In June the fact that pupils and students are in holidays could explain the peak. Besides, they represent most of CADI clients. The average age of clients tested in 1996 and 2006 is higher than that of the general population, all the more as the centre does not allow HIV screening for the youth under 18. The presence of maternal antibodies at this age requires efficient techniques including polymerase chain reaction to detect HIV infection. In addition, HIV infection is highly transmitted by sex, so sexually active people are likely to get themselves tested. The rate of women tested is higher than that of the general population, a conclusion that has already been drawn in the literature .
This could be due to the fact that women are more likely to get tested as part of a fixed strategy. Besides, to recall, the national policy for HIV control gives more opportunities to women for counselling on voluntary HIV screening, especially during prenatal visits. Reasons for the low screening rate among men as part of a fixed strategy will be determined in order to better address HIV infection. Educated people adhered better to HIV screening compared to the uneducated. This shows the importance of education in HIV infection control. Yet, over half of Burkinabe people are uneducated. Therefore, increasing awareness campaigns as well as accessibility to uneducated audience is crucial. People living in couple were the most represented among CADI clients, compared to their proportion in the general population. On the other hand, married people and bachelors were the least represented in the study compared to their proportion in the general population. In USA, Perkins et al.  reported that bachelors were more supportive of HIV screening test. Dissimilar conclusions can be explained by the high rate of education in USA, compared to Burkina Faso, which allows bachelors to have a better understanding of the risks involved. Kirakoya-Samadoulougou et al.  in Ouagadougou noted that 48.6% of tested people were married. Fiorillo et al.  in Hensen et al.  in Zambia noted a high screening rate among married people and widowers . In our study, the desire to know one’s serological status was the first reason for screening. In the same line, Ndiaye et al.  noted that in 69% of cases people were curious to know their serological status. Mc Garrigle et al.  in Great Britain highlighted that factors closely associated with voluntary screening included multiple sexual partners and new foreign sexual partners. Such conclusions can be explained by the fact that in Great Britain most people know their serological status because they have already been tested. So retesting means they were involved in high-risk behaviours. In addition, the British and the Burkinabe have a different appreciation of HIV infection and this could explain such conclusions. For Fiorillo et al. , the main reasons for screening included infidelity and existence of a new partner. It should be noted that in their study focused on the reasons that could lead people to retest.
The first objective of our study is the alarming drop in behaviour and people tending to minimize the related-dangers. In this respect, the centre’s clients have indicated in 65.69% of cases that they have had several sexual partners. This shows that high risk behaviour is common practice, especially among the youth, making them vulnerable to HIV infection. During DHS IV, 45.83% people reported that they had more than two sexual partners . To recall, it is very delicate asking questions on people’s sexual behaviour; therefore it is possible that some risky behaviours were not revealed. In addition, less than half of the people tested (39.82%) at the centre stated that they regularly use condoms. It means that the majority of our population had risky behaviours. Is such a risk taking attitude an expression of drop in vigilance or trivialization of HIV infection? Studies indicate that in the general public reactions could change from one extreme to the other: from panic fear to be contaminated to trivialization to some extent with the introduction of efficient treatment [20,21]. An increasing number of people do no longer fear HIV infection that they consider as a chronic disorder. Calderon et al.  in a prospective study carried out in New York noted that 24.3% of patients admitted in the emergency ward and who accepted HIV screening did not use condoms. Sherr et al.  in a Zimbabwean rural cohort found no relationship between risky behaviours and screening counselling.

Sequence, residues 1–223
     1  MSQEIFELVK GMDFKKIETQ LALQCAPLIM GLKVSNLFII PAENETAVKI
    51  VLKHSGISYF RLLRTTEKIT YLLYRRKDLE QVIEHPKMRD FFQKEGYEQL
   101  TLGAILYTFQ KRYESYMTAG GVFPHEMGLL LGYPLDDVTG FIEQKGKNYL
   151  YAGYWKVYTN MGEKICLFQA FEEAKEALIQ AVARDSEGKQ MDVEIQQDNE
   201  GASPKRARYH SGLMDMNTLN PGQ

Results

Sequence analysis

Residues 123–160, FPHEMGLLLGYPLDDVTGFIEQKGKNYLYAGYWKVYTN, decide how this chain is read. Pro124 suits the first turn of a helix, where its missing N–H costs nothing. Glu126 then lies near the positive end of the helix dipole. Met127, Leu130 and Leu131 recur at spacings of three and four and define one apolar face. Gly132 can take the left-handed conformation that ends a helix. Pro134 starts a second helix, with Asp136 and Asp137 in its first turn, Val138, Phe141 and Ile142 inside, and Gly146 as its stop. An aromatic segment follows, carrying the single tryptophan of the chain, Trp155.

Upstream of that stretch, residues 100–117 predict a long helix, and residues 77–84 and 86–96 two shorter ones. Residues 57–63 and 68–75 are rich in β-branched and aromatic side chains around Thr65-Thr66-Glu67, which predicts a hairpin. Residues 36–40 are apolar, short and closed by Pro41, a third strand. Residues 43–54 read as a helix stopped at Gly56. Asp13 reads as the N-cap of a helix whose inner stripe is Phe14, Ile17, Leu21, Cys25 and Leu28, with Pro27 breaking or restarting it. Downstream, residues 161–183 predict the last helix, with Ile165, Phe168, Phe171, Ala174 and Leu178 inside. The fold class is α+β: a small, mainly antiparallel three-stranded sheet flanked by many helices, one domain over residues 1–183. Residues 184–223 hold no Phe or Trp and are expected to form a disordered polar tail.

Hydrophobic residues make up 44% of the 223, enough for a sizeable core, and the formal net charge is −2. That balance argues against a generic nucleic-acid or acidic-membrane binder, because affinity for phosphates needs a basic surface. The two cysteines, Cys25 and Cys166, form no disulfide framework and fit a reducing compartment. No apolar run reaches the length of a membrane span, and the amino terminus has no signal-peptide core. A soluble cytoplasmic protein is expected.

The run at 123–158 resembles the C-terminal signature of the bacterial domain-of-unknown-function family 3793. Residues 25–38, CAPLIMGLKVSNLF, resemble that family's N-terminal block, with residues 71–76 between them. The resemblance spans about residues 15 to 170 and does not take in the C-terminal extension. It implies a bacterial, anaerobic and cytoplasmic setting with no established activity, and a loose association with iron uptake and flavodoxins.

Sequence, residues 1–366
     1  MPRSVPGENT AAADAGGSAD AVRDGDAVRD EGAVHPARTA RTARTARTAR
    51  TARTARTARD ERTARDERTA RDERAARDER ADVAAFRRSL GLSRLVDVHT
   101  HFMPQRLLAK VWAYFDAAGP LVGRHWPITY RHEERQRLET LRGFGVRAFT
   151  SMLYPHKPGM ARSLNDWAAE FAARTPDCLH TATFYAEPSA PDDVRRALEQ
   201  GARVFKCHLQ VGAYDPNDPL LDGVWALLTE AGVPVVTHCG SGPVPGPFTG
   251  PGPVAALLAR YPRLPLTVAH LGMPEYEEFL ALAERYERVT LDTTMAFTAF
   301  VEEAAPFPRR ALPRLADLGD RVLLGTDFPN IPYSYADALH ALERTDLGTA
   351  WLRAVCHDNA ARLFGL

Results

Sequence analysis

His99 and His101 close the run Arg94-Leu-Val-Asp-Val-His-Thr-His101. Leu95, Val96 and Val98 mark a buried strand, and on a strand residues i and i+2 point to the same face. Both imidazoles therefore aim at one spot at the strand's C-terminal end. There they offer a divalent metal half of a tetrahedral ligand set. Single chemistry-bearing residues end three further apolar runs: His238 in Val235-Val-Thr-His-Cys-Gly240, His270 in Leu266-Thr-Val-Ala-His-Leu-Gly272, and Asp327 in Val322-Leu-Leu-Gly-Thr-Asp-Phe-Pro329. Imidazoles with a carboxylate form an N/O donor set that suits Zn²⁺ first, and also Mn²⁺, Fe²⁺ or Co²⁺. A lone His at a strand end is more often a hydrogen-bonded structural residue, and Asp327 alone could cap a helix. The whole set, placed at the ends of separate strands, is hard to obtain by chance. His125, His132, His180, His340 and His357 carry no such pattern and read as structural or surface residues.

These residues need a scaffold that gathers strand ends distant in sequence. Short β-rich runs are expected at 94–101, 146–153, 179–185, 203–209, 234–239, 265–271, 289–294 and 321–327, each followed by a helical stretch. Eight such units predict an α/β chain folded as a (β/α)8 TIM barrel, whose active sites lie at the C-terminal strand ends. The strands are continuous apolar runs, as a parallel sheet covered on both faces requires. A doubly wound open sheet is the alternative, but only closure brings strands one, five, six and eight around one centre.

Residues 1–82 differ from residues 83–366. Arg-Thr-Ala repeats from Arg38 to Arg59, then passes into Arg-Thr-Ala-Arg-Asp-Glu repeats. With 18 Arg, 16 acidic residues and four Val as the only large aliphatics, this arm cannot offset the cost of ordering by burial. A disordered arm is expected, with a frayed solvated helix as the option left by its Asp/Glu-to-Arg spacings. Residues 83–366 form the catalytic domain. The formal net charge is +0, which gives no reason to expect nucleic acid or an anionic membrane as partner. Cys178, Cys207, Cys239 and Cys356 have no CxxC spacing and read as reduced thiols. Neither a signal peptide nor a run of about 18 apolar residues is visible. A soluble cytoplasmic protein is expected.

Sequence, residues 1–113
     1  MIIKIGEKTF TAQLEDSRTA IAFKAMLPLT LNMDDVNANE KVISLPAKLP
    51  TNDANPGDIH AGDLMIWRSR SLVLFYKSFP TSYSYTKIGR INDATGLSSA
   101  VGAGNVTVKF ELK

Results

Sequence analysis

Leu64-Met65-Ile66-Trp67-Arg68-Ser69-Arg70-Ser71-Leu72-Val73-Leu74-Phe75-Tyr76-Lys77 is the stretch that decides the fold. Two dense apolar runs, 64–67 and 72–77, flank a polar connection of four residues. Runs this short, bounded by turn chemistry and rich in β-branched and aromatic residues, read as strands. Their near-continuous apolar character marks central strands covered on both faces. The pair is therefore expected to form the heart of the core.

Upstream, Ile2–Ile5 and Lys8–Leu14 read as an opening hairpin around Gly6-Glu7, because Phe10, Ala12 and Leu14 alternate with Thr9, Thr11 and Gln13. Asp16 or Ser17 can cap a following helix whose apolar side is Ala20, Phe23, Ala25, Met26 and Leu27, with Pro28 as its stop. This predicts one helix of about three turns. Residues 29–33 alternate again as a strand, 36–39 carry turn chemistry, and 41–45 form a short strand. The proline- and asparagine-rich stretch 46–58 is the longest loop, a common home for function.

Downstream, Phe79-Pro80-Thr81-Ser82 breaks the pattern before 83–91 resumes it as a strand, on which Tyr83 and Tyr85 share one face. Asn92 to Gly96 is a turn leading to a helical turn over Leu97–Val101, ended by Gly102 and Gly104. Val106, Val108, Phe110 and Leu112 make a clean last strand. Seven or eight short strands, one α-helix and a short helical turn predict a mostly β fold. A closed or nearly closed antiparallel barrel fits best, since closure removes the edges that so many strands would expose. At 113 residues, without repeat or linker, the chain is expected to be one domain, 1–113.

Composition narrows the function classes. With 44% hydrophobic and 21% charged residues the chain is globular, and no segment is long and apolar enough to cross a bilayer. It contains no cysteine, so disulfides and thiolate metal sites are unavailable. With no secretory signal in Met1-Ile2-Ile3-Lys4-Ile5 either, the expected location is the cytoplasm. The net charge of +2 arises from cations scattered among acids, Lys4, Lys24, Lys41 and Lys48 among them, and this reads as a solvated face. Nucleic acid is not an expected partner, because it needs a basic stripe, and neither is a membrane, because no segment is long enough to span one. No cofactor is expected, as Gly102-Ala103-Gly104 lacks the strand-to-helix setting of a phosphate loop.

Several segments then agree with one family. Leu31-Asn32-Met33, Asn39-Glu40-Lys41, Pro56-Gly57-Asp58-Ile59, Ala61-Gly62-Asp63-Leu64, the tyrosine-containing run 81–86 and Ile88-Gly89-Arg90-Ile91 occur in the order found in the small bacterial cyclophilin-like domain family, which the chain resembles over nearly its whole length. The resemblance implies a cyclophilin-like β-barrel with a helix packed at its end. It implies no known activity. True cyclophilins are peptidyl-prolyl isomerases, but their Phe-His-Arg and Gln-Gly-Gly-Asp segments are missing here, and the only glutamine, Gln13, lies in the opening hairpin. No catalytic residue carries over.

Screening is the basics for appropriate response to HIV infection. In Burkina Faso, the Screening and Information Centre is the oldest screening centre with considerable database that could help re-design response strategies to HIV infection. The epidemiological profile of the centre’s clients differs from that of the general population, i.e., one part of the population with access to screening facilities does not adhere to screening. Reasons for low self-screening must be identified in order to give more value to actions aiming to control HIV infection. It is fundamental to completely re-design prevention strategies by focusing actions on targeted population (the most vulnerable and the least supportive of screening). In this perspective, the World Health Organization emphasizes that further actions must be taken to diagnose and treat sex workers, prisoners, injecting drug use, transgender people and MSMs. And further action must therefore be taken for greater awareness among the population, particularly among the less adhering to HIV screening, in order to better plan and manage HIV cases.
Citation: Poda A, InÃ¨s DA, Traore I, Somda S, Hema A, Meda C, Sombie I, Traore M, Meda N (2019) Knowing the Profile of Clients from the Screening and Information Centre (CADI) for better planning and case management in Bobo-Dioulasso, Burkina Faso. J Infect Dis Preve Med. 7:188. doi: 10.35248/2329-87220.127.116.11
Received Date: May 15, 2019 / Accepted Date: May 31, 2019 / Published Date: Jun 08, 2019
Copyright: © 2019 Poda A, et al. This is an open-access article distributed under the terms of the Creative Commons Attribution License, which permits unrestricted use, distribution, and reproduction in any medium, provided the original author and source are credited.